Whether or not the rezoning for 222 Corfield (where is supportive housing facility is planned) will stand is the subject of a lawsuit, and BC Housing is hoping to become a defendant in the lawsuit along with the City of Parksville. — Adam Kveton Photo

Whether or not the rezoning for 222 Corfield (where is supportive housing facility is planned) will stand is the subject of a lawsuit, and BC Housing is hoping to become a defendant in the lawsuit along with the City of Parksville. — Adam Kveton Photo

BC Housing wants to intervene in Parksville supportive housing project lawsuit

Agency applies to become defendant alongside city over 222 Corfield rezoning

New Parksville Mayor Ed Mayne says the only way a supportive housing project at 222 Corfield St. South might be stopped is through a pending lawsuit — one which may see another defendant: BC Housing.

The agency filed an application on Nov. 2 to become a “respondent,” alongside the City of Parksville, in response to the petition by Ron Chiovetti, Adam Fras and others. BC Housing said confirmed Nov. 22 that it has applied to be a defendant in the case.

The petition, filed Aug. 3, calls for the the city’s zoning bylaw for the supportive housing site to be “quashed” based on alleged issues with the rezoning process.

The application from BC Housing and the Provincial Rental Housing Corporation reads that the agencies should be respondents due to their “direct involvement” in the project, as the entity funding and managing the project, and the registered lease holder on the 222 Corfield Lands.

“This project will be providing 52 new homes, as well as a cold weather shelter, for people who are already living in Parksville and are experiencing or at risk of homelessness, including seniors and people with disabilities,” reads an emailed response to the NEWS from BC Housing.

“These homes are much needed and will provide vital 24/7 supportive services, which includes access to mental health and addiction programs, as well as employment and life skills training to help tenants move forward with their lives. We are working to ensure that we can move forward with the project.”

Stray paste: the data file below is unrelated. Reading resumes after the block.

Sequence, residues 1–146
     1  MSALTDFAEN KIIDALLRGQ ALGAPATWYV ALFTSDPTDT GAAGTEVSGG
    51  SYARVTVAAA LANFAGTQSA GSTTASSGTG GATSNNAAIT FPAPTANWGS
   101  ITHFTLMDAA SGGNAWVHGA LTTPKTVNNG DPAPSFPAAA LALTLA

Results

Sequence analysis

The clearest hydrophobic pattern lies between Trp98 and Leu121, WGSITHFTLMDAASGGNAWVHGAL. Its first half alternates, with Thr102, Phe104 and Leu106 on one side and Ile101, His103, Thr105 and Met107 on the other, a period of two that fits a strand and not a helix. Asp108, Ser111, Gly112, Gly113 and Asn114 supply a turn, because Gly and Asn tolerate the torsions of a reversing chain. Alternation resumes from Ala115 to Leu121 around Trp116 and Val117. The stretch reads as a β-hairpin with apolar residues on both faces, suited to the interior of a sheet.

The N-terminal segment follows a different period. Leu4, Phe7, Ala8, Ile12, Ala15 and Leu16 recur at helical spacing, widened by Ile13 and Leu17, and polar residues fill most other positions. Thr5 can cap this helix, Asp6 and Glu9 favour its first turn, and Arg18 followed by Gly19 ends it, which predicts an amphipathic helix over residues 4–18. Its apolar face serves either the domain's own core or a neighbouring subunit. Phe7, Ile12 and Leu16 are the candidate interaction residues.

The petition against the rezoning for the supportive housing location, made on behalf of petitioners Chiovetti, Fras, Doug O’Brien, Melanie Van Der Stock and Berwick Retirement Communities Ltd., alleges that the city failed to provide notice of the amending bylaw and a public hearing on the matter in several instances, that former Parksville Mayor Marc Lefebvre told Chiovetti the city would push through the bylaw regardless of public opinion, that the public hearing was conducted unfairly and that several of the petitioners were denied the opportunity to speak at the public hearing, among other allegations.

The city’s response denies these allegations, saying Chiovetti must have misinterpreted Lefebvre, that the city did its due diligence in informing the public, and that petitioners were only denied the opportunity to speak when their comments were outside the purview of the public hearing.

It also sought to explain several of Lefebvre and the city’s rules regarding conduct at the meeting, made in an effort (it said) to allow as many people to speak as possible, and to keep comments related to the zoning bylaw itself.

The supportive housing project was a major issue in the Oct. 20 municipal election, which saw Fras and O’Brien elected to Parksville council.

Mayne has previously said Lefebvre was “unable to conduct a proper public hearing (on Corfield rezoning) and completely destroyed the democratic process.”

He has, however, declared a conflict of interest with regards to the project as he owns property immediately adjacent to the 222 Corfield site.

“The only way to stop this (project) will be by the courts ruling in favour of the plaintiffs,” said Mayne in an email. “Hopefully, one way or another this issue gets put behind us soon so we can get on with other important matters.”